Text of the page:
"The reason why Jewish people eat kosher food is based on biblical commandments," says Rabbi Yaakov Luban, executive rabbinic coordinator for the OU kosher supervision agency. "The Bible does not say kosher food is healthier, but some people have theorized that may be one possibility why the Divine intended we eat kosher food but you know, we have no way to know that."


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KOSHER QUERIES ANSWERED
The Orthodox Union is visiting synagogues throughout the United States and Canada to answer questions on kosher issues. The traveling rabbis are part of the OU's "Kosher Awareness Program." The rabbis will visit synagogues that request a visit and assume travel expenses.


The first presenter, Rabbi Joseph Grossman of Monsey, N.Y., has already spoken at synagogues, and among the questions he is asked is: "Why do you need kosher certification on spring water?"


His response: Water itself is not a product that has to be certified, he explained, but spring water may be bottled on the same production line that produces grape juice (which may not be kosher) and even beer, which would render the water non-kosher for Passover.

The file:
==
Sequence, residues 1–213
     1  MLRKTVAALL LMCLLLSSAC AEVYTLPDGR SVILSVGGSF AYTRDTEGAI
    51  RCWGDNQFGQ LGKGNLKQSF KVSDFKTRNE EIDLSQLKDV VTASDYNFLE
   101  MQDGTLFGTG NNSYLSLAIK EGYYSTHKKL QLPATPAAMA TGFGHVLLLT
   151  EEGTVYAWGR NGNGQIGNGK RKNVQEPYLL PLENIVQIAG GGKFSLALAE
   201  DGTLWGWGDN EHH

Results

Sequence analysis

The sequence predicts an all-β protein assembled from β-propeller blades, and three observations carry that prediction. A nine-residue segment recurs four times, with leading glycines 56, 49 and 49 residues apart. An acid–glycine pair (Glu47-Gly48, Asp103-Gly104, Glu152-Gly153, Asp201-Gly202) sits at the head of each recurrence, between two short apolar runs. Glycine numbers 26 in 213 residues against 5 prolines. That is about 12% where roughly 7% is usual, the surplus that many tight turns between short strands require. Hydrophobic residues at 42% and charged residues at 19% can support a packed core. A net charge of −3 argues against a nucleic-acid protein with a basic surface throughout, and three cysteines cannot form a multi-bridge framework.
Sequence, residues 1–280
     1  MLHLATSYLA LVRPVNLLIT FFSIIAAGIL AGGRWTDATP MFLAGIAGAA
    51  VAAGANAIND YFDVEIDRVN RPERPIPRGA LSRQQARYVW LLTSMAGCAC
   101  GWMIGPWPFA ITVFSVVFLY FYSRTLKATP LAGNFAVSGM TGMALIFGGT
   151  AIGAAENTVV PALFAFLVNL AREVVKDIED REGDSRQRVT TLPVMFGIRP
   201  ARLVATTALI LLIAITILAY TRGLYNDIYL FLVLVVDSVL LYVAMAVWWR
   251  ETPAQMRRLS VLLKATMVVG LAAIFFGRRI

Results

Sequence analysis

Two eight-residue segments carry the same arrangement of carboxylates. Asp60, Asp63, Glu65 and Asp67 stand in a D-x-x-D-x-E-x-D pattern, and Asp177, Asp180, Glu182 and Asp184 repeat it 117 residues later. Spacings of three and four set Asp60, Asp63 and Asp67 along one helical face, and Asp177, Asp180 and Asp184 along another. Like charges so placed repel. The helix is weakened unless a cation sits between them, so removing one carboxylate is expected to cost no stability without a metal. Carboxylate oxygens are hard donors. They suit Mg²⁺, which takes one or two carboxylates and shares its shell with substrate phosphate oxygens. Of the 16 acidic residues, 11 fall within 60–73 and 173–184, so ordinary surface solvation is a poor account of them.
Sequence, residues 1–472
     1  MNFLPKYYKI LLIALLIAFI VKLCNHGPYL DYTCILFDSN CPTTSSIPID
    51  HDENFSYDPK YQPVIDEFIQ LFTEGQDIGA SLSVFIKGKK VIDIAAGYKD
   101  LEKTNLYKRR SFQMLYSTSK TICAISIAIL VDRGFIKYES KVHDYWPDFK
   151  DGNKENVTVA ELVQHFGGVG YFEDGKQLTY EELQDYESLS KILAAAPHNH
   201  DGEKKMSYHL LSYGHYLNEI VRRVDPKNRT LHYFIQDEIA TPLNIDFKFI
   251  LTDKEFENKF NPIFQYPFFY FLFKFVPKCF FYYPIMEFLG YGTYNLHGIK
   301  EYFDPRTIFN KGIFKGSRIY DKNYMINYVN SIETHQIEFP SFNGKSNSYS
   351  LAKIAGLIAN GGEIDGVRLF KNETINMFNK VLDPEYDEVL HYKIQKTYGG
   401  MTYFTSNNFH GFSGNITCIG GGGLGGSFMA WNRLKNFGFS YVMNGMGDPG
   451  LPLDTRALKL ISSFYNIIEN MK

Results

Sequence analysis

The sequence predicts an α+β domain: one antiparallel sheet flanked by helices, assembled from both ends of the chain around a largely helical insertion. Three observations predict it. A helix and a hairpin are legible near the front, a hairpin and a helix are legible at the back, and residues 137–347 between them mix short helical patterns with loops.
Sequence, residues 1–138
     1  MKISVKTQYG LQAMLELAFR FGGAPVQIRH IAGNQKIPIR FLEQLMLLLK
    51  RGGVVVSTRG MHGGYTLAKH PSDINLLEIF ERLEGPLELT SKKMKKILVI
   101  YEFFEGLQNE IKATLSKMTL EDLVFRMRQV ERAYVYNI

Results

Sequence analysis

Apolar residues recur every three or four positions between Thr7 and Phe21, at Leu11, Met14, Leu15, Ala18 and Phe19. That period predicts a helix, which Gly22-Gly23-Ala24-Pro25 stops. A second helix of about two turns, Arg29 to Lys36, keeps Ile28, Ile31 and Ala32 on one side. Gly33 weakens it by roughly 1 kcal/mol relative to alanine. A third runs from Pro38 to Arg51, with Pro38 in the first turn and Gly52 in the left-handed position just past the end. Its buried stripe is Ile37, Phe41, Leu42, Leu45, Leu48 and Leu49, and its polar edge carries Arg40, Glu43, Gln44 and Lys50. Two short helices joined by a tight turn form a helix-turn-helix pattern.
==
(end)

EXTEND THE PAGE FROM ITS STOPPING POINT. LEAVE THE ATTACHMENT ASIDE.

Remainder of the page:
The range of possible topics for the sessions include the laws of kashrus, the concerns involving kosher bakeries and pizza stores, the dairy industry and kosher fish. To organize a session, call Batya Harris at 212-613-8154.

BOOKS FOR KOSHER COOKS
"Feast From the Mideast: 250 Sun-Drenched Dishes from the Lands of the Bible" (Click HERE to purchase. Sales help fund JWR.) by Faye Levy weaves the stories of biblical lands — Israel, Egypt, Lebanon, Syria and Iraq — with their food traditions. Some of the recipes include Persian peach pilaf salad with toasted almonds, Yemenite beef soup with curry spices and potatoes, spiced lamb and Lebanese fish soup with linguine. I particularly like the section about spices, including how to make your own zahtar — a blend of herbs, which in eastern Mediterranean countries is traditionally sprinkled over cheeses and breads. I generally prefer cookbooks with pictures so I know how the food is supposed to look, but I still recommend this book that is without photos.

Every weekday JewishWorldReview.com publishes what many in Washington and in the media consider "must reading." Sign up for the daily JWR update. It's free. Just click here.



Lisa J. Huriash is a columnist for South Florida Sun-Sentinel. Comment by clicking here.

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© 2004, South Florida Sun-Sentinel Distributed by Knight Ridder/Tribune Information Services.